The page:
On the one hand the world is plunging into a cesspool of shit and despair but on the other we still have that new Krallice album, so it's all good. Another week of exciting new music and "superior content." What content, you ask? Well, there's a new interview with black metal phenom Lamp of Murmuur about the music that inspires him and there's the first installment of a very exciting new interview series by the name of Pillars, which investigates the greatest, most influential albums of the 90s. The first episode is a conversation with Neurosis' Steve Von Till about their masterfully bleak 1996 milestone album, Through Silver in Blood. So, yeah, superior indeed. In other news please follow us (Facebook, Instagram, Spotify, Patreon), podcast us (YouTube, Spotify, Apple), and check out our amazing compilation albums. On to the music.

1. Afterbirth – "Swallowing Spiders," from Four Dimensional Flesh" (Death Metal – Unique Leader Records). I have been screeching and screaming the merits and qualities of Afterbirth ever since being absolutely being shocked by their incredible debut 2017 Time Traveller's Dilemma as well as being struck by their unique story. A band that's been around for decades, that was part of the origins of the NY-area death metal scene, who, after a lifetime of bad luck, was able to rejuvenate itself via the addition of Artificial Brain's legendary throat, Will Smith, and release one of the most unusual, moving, interesting, and complete death metal albums I have ever heard. And I was very excited, for all those reasons, for the release of Four Dimensional Flesh, I wrote about it as much as I could and wished them the best. But somehow, for whatever reason, I never actually sat down with it until this week. I head parts here and there, never enough to do it justice, but now that I've heard the whole things over and over I can only say that as great as Time Traveller's Dilemma was, this new album is a stone-cold masterpiece. I have a feeling Afterbirth will never really make it huge, simply because they seem to shift around, never really settling on one easy category – at times they're technical, at times brutal, at times progressive, and at times extremely emotional. But if you're one of those people who, too, can never settle in one place, always searching, and if you're also the kind of person who adores bands like Wormed and, ah, that's it, since there's only one Wormed, then not getting into Afterbirth and this incredible album is a huge mistake. FFO: Wormed, Artificial Brain, Sadus.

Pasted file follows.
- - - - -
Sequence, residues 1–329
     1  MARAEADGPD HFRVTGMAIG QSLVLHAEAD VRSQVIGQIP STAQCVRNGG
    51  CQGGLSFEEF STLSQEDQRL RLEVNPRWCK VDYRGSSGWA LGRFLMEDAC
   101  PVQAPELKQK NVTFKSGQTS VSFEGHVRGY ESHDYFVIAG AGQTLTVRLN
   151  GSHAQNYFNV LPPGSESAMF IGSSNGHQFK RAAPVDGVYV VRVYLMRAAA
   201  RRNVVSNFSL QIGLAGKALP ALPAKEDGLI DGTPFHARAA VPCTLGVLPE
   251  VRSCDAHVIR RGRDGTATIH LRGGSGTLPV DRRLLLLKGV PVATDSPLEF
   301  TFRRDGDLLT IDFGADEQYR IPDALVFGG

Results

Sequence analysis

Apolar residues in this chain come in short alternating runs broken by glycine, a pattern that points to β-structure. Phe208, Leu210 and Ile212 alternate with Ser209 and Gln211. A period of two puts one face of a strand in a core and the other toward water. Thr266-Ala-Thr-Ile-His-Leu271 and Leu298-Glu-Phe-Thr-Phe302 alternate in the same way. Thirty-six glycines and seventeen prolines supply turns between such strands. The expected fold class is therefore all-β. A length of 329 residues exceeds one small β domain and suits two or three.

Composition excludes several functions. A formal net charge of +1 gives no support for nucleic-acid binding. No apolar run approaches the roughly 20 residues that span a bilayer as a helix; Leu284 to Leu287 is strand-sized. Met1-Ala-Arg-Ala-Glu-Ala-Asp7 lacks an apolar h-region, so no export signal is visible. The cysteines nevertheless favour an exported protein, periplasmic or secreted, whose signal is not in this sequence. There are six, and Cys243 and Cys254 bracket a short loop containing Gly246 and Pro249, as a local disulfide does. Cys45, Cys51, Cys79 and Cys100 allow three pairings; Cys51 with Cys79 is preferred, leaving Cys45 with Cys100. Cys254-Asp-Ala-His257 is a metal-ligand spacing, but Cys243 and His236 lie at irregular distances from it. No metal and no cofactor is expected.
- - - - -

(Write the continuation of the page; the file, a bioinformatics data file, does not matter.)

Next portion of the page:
2. Rope Sect – "The Underground Paradise," from The Great Flood (Death Rock/Goth – Iron Bonehead Productions). Many a bucket of digital ink has been spilled on this goth-ish revival of recent years, whether through poppier versions (Ghost, Idle Hands) or more on the somber side (Soft Kill, Drab Majesty). And all that time Rope Sect has been just releasing these heartbreaking gems, one, two songs at a time, and disappearing into a fog of Bauhaus-laced mystery. Which is why so many people were waiting for the first real album and why it's so reassuring that it's as great as it is. If I had to point my finger at one big difference between the album and their scattered previous material is that it feels much rockier, with the song in question being one standout example. While still magically aloof the music is much more urgent, much more, I think, personal, and "bigger." And they completely and entirely pull it off. This is the soundtrack of many a quarantine-era make-out session, black candles sold separately. FFO: Soft Kill, Crowhurst, Ghost).

3. Ancalagon – "Ancient Peaks Echo a Past," from Ancalagon/Obscurum – Tranquilities I: Letters on the Final Collapse of Our Entities (Black Metal – Independent). A wonderful, cohesive, emotional, disturbing, and engrossing split by two Atlanta-based black metal bands. Everything about this release is, excuse the phrase, chraming – from the lo-fi but very robust production, to the very tight performances that maintain the necessary wiggle room for black-metal-magic to occur, to, ultimately, extremely well-written and well-presented songs. As I said before, and recently in discussing Lamp of Murmuur, that sweet spot between harshness and sweet emotion is such a difficult thing to achieve and these two bands just nail it. Without a question one of my favorite black metal releases of the year, just so satisfying and beautiful. Outstanding. FFO: Lamp of Murmuur, early Alcest, Botanist.